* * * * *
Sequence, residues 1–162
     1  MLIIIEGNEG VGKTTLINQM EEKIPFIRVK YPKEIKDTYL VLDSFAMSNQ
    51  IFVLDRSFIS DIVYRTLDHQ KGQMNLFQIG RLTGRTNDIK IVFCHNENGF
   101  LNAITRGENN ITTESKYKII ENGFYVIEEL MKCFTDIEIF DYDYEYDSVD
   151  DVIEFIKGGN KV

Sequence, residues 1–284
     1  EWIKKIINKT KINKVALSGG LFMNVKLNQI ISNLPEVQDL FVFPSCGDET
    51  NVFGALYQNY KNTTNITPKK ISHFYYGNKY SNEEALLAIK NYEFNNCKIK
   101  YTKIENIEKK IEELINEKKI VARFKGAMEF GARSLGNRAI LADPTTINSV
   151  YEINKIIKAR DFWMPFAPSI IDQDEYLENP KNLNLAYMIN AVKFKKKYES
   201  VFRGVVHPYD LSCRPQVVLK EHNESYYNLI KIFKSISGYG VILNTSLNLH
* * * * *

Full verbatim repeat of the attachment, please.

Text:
Sequence, residues 1–162
     1  MLIIIEGNEG VGKTTLINQM EEKIPFIRVK YPKEIKDTYL VLDSFAMSNQ
    51  IFVLDRSFIS DIVYRTLDHQ KGQMNLFQIG RLTGRTNDIK IVFCHNENGF
   101  LNAITRGENN ITTESKYKII ENGFYVIEEL MKCFTDIEIF DYDYEYDSVD
   151  DVIEFIKGGN KV

Sequence, residues 1–284
     1  EWIKKIINKT KINKVALSGG LFMNVKLNQI ISNLPEVQDL FVFPSCGDET
    51  NVFGALYQNY KNTTNITPKK ISHFYYGNKY SNEEALLAIK NYEFNNCKIK
   101  YTKIENIEKK IEELINEKKI VARFKGAMEF GARSLGNRAI LADPTTINSV
   151  YEINKIIKAR DFWMPFAPSI IDQDEYLENP KNLNLAYMIN AVKFKKKYES
   201  VFRGVVHPYD LSCRPQVVLK EHNESYYNLI KIFKSISGYG VILNTSLNLH